Stephen Hawking: Heaven Is “A Fairy Story”
A belief that heaven or an afterlife awaits us is a “fairy story” for people afraid of death, Stephen Hawking has said.
In a dismissal that underlines his firm rejection of religious comforts, Britain’s most eminent scientist said there was nothing beyond the moment when the brain flickers for the final time.
Hawking, who was diagnosed with motor neurone disease at the age of 21, shares his thoughts on death, human purpose and our chance existence in an exclusive interview with the Guardian today.
The incurable illness was expected to kill Hawking within a few years of its symptoms arising, an outlook that turned the young scientist to Wagner, but ultimately led him to enjoy life more, he has said, despite the cloud hanging over his future.
“I have lived with the prospect of an early death for the last 49 years. I’m not afraid of death, but I’m in no hurry to die. I have so much I want to do first,” he said.
“I regard the brain as a computer which will stop working when its components fail. There is no heaven or afterlife for broken down computers; that is a fairy story for people afraid of the dark,” he added.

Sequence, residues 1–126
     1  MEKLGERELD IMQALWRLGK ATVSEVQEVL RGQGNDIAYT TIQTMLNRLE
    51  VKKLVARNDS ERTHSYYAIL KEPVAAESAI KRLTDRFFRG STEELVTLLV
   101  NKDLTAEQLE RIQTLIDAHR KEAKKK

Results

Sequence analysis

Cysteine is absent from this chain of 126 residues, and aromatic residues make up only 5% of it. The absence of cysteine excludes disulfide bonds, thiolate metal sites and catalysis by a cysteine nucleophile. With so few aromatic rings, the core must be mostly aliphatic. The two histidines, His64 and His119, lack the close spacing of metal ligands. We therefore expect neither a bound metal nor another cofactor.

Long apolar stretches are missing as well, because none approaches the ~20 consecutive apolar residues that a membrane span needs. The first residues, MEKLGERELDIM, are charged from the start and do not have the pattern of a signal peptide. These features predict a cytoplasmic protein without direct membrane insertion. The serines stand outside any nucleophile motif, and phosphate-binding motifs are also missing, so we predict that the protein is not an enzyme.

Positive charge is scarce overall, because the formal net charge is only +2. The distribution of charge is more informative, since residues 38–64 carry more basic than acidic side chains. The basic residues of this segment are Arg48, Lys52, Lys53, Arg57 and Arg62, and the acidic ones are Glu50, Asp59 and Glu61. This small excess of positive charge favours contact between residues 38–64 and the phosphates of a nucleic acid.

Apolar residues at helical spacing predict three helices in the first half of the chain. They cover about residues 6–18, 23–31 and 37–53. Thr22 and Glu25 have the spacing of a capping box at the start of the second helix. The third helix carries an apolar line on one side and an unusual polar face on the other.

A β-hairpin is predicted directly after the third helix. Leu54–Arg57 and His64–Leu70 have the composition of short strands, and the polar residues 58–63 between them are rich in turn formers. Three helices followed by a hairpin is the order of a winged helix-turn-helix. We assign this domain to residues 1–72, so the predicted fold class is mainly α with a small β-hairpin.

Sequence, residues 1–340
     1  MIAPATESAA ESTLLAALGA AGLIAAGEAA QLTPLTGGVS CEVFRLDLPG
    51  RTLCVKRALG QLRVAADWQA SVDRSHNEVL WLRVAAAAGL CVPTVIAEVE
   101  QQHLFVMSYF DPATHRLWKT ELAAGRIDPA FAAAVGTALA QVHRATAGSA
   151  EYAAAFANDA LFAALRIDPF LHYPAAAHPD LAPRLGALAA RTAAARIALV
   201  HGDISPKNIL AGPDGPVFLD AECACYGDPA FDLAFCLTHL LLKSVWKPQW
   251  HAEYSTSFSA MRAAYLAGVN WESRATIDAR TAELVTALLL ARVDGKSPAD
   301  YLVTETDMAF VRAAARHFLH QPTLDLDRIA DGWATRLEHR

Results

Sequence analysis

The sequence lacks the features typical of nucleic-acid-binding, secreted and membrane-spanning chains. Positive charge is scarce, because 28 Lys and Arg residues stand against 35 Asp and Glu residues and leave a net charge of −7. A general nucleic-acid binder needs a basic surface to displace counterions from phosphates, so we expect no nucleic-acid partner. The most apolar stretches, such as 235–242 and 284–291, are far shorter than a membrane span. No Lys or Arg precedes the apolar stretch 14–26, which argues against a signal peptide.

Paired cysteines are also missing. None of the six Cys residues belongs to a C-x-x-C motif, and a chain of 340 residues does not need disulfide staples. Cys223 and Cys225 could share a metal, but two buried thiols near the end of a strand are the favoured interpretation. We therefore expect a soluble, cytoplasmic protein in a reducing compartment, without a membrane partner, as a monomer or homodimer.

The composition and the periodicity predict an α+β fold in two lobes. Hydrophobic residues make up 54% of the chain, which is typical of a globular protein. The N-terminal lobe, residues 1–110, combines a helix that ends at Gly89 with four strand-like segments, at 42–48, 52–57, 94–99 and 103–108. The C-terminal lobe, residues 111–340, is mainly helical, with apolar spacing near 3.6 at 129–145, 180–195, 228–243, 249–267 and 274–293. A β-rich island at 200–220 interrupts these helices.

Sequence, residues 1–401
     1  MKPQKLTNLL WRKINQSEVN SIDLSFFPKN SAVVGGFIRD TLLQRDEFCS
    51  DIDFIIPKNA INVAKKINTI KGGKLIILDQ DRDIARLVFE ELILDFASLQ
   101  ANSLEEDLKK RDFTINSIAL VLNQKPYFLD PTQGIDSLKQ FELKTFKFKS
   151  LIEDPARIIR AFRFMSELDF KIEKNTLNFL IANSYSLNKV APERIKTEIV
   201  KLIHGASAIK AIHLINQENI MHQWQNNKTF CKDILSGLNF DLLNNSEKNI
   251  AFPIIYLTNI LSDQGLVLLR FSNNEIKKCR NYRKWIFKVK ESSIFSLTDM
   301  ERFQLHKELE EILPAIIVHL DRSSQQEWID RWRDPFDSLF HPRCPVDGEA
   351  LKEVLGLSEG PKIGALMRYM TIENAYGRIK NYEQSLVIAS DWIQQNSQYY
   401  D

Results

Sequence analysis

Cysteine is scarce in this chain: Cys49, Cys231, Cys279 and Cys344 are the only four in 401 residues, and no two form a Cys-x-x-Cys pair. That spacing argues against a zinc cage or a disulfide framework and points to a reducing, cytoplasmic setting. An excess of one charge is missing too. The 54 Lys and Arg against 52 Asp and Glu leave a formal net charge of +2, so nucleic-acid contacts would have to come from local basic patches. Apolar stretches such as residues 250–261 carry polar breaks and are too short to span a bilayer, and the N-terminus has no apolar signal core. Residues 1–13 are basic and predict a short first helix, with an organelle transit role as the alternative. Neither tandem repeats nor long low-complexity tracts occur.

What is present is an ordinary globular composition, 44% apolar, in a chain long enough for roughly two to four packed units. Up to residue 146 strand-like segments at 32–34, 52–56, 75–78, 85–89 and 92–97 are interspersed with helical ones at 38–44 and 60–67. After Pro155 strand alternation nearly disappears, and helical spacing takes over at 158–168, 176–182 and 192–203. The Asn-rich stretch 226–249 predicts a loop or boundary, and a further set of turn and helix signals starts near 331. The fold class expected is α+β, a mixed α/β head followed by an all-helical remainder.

In the interview, Hawking rejected the notion of life beyond death and emphasised the need to fulfil our potential on Earth by making good use of our lives. In answer to a question on how we should live, he said, simply: “We should seek the greatest value of our action.”
In answering another, he wrote of the beauty of science, such as the exquisite double helix of DNA in biology, or the fundamental equations of physics.
Hawking responded to questions posed by the Guardian and a reader in advance of a lecture tomorrow at the Google Zeitgeist meeting in London, in which he will address the question: “Why are we here?”
In the talk, he will argue that tiny quantum fluctuations in the very early universe became the seeds from which galaxies, stars, and ultimately human life emerged. “Science predicts that many different kinds of universe will be spontaneously created out of nothing. It is a matter of chance which we are in,” he sa
Well I supposed Hawking is probably glad that he isn’t living during the times of Galileo Galilei.